Category Archives: Trees and Shrubs

woody plants, trees and shrubs

Rhododendron diversipilosum ‘Milky Way’

Rhododendron diversipilosum 'Milky Way'

Image courtesy of Briggs Propagators

We thought you might enjoy the subtle charm of this hardy little known Rhododendron (perhaps nomenclature is its problem) . Commonly called Labrador Tea, formerly classified in the genus Ledum, and then later named R. tomentosum, there’s been obvious confusion when gardeners are seeking information. ‘Milky Way’ is a superior clone selected by Steve Hootman. In mid April, it produces trusses of small white starry flowers, which allude to its cultivar name. Fine textured evergreen foliage is small narrow and olive green.

Rhododendron diversipilosum ‘Milky Way’ is quite cold hardy, growing well in zones 3-6. It can take poor soil conditions but will be happiest if given a well drained soil with humus and regular moisture in sun or partial shade. Plants grow to 3′ in height and up to 5′ in width. It would be a great addition to a rock garden planted with early spring Narcissus, Hellebores and Veronica ‘Georgia Blue’.

Spirea thunbergii ‘Ogon’

Spirea thunbergii ‘Ogon’, in fall

Had to include this plant portrait now because this baby’s fall color is on fire! We had wanted to portray Spirea thunbergii ‘Ogon (a.k.a ‘Mellow Yellow’) in a blog post last spring, but there are always so many plants vying for our attention at that time of year. Not that this Spirea doesn’t. As a matter of fact, it is one plant we never tire of, and include it in many of our landscape installation projects.

Unlike most Spirea, this species has narrow willow like foliage that emerges a bright lemon yellow in early mid spring. White flowers adorn the arching branches just prior, and as the leaves unfurl. Although they are sweet enough, they aren’t why you should grow this shrub. Grow this Spirea for the texture and color the foliage provides year round, and which as you can see here, is an especially grand finale of volatile color in November.

Spirea thunbergii ‘Ogon’ is hardy to minus 20F (zone 5), and grows quickly to a height and width of 4-5′. It’s very happy in full sun, but grows well in partial shade, and seems to withstand poor dry soil conditions without hindering its performance. Like all Spirea it can be cut back hard in the spring if you choose to keep it shorter, but you’ll sacrifice the flowers. We could go on and on about which plants to use in combination with ‘Ogon’, but the list is practically endless. May we suggest Acanthus spinosus, Fothergilla ‘Blue Shadow’, Japanese maples of any form, Geranium ‘Rozanne’.…..(we could go on and on).

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Fothergilla x ‘Blue Shadow’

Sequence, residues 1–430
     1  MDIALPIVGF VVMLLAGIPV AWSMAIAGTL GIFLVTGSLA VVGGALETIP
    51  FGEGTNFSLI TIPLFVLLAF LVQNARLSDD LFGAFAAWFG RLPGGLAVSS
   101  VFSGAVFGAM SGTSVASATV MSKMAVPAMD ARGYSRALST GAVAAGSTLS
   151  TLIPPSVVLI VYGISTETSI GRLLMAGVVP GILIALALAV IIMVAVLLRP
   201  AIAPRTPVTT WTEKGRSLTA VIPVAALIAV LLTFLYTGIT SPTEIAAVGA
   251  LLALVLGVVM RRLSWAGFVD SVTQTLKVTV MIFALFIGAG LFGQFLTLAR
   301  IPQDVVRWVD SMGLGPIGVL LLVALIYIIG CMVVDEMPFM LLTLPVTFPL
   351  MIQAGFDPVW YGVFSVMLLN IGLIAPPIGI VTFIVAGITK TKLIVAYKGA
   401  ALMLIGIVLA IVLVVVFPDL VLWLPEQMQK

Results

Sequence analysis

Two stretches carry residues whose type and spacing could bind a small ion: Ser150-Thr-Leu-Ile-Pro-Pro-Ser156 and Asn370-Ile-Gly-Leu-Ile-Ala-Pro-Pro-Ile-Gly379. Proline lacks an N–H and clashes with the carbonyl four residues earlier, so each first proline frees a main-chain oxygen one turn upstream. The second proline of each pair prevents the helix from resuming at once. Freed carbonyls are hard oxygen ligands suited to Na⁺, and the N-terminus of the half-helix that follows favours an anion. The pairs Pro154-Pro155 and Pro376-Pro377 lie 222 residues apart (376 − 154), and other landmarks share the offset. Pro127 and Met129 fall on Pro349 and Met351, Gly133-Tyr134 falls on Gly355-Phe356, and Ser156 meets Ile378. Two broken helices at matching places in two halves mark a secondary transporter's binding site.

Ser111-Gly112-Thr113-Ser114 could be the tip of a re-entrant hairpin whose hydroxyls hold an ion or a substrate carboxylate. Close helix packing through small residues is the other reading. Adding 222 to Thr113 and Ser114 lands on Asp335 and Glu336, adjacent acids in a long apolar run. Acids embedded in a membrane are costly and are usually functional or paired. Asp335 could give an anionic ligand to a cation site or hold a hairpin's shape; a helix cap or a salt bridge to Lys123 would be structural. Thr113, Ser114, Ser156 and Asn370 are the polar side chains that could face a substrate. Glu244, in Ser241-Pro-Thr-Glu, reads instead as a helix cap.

With Halloween just weeks away, it’s fitting that we take a look at a very colorful Witch Alder. The Witch Alders, as you may guess, are closely related to Witch Hazels, and are native to the southeastern US.  They are multi season plants, with honey scented white bottle brush flowers emerging in early spring (just before and as the plants leaf out), plus attractive form and outstanding fall color. One we are pleased to be growing is Fothergilla x ‘Blue Shadow’ notable for the lovely glaucous blue foliage it displays all summer.

Fothergilla x ‘Blue Shadow’ was discovered by Gary Handy of Boring OR, when he noticed this very blue leaved sport on another fine cultivar, Fothergilla ‘Mt Airy’. It’s a vigorous but compact grower, with an upright habit at first, then becoming thicker with age, and finally achieving 5-6′ in height and width. ‘Blue Shadow’ grows well in full sun or partial shade, prefers a reasonably moist but well drained slightly acidic soil, and is quite hardy in zones 4-8. It can be used as a focal point, or planted en masse at the edge of a woodland. So many plants would make great companions. For spring interest, pair with dwarf Rhododendrons; for summer, Hydrangea quercifolia ‘Peewee’ , and for fall the golden Leucosceptrum  and Carex ‘Blue Bunny’ to compliment ‘Blue Shadow’s technicolor display.

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Heptacodium miconoides

Our theory is, if a plant looks fantastic in the September garden, it merits attention. And if it has winter interest, grows quickly to a reasonable size and is easy to keep happy, then you should absolutely consider finding a spot for it. As I was driving though our little town of Dartmouth the other day, I had to pull over when I saw a picture perfect candidate of such a plant, Heptacodium miconoides, gracing a small streetside garden.